I read a lot of terrible abortion stories for my job, but some break my heart more than others.
A few weeks ago, I came across a column in the New York Magazine written by an abortion doula. Curious, I clicked on the story and read about the young woman, who provides emotional support for women as they have abortions.
I began to feel more and more horrified as I read about her work and her attempts to justify really terrible things. She writes:
“A year ago, when I was just starting out, Mitchell met with me and the other trainees to talk about the job. We sat in the park, eating pie. She gave us a sheet with situations so exaggeratedly horrible they seemed unreal: An 11-year-old in for an abortion who asks for birth control when she’s alone with the doctor. Her mother works nights; she’d been left with a friend who has a twentysomething son. She calls him her boyfriend; he will go to jail. A woman who says she’d like to do another ultrasound to see if it’s definitely a girl, because she’ll only keep it if it isn’t. …
“’What do you assume?’ Mitchell asked of each case. ‘How can you be supportive?’ We talked about what would be hard for us to overcome, things we might say or do and how we might feel. I felt embarrassed by my assumptions, and the limits of my compassion. I judged these women on the worthiness of their reasons (‘Would she really only keep a boy?’ I wondered) and found myself questioning why those who come in for late-term abortions had waited so long to decide. Later, I learned from Mahoney that all the examples were real cases that had come from her first six months working as an abortion doula.” (You can read the full article here. Parts of it are graphic.)
I hung my head in anger and shame as I read about this young woman from my own generation, a young woman so caught up in the net of moral relativism that she believes it is compassionate to dismiss the rape of an 11-year-old or condone the woman who is aborting her baby simply because she’s a girl.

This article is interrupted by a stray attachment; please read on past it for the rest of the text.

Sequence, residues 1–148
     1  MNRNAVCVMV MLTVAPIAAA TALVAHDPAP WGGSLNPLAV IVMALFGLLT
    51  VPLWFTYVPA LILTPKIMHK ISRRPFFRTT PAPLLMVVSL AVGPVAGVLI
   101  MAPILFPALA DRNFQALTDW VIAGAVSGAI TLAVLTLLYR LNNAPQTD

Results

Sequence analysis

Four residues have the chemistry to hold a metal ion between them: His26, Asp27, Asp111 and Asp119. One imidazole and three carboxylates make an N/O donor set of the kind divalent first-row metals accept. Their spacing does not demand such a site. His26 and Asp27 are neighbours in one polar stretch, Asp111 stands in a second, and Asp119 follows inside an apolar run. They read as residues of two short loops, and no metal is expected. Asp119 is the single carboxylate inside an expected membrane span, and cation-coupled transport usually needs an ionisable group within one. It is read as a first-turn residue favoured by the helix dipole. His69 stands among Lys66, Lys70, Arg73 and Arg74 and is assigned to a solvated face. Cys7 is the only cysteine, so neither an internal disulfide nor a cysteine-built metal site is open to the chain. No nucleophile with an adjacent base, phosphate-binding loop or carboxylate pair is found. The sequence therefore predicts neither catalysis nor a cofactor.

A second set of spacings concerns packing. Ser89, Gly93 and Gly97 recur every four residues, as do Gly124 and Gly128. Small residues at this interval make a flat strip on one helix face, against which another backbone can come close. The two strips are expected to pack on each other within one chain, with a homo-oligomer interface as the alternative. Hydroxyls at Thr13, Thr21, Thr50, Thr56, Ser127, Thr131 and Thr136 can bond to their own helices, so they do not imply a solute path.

My generation place high moral value on the idea of acceptance and non-judgment. I think it comes from college, where we’ve been taught moral relativism – your morals aren’t better than mine, and mine aren’t better than yours. We have no right to judge someone else’s actions or beliefs. There is no right or wrong.
Acceptance, inclusiveness, a judgment-free attitude – these are all good things. But when these concepts are taken to the extreme of moral relativism, they become dangerous, and this article is a perfect example of it. Acceptance and non-judgment are no excuse for ignoring things that are truly terrible.
Sometimes people are wrong. Rape is wrong. Taking advantage of a child is wrong. Sex trafficking is wrong. Ignoring the victim of a crime is wrong. Killing an innocent person is wrong.
I could feel the columnist struggling with right and wrong throughout her column. Some situations seemed wrong to her, and rightly so. Yet, moral relativism won the hour.
Let’s not let it win the day. Abortion is wrong. We must never shy away from saying it – though we also must be compassionate when we do. Contrary to what moral relativists would have us believe, realizing that something is wrong opens the doors for us to extend a hand of compassion and love to those who are hurting. And that is true compassion.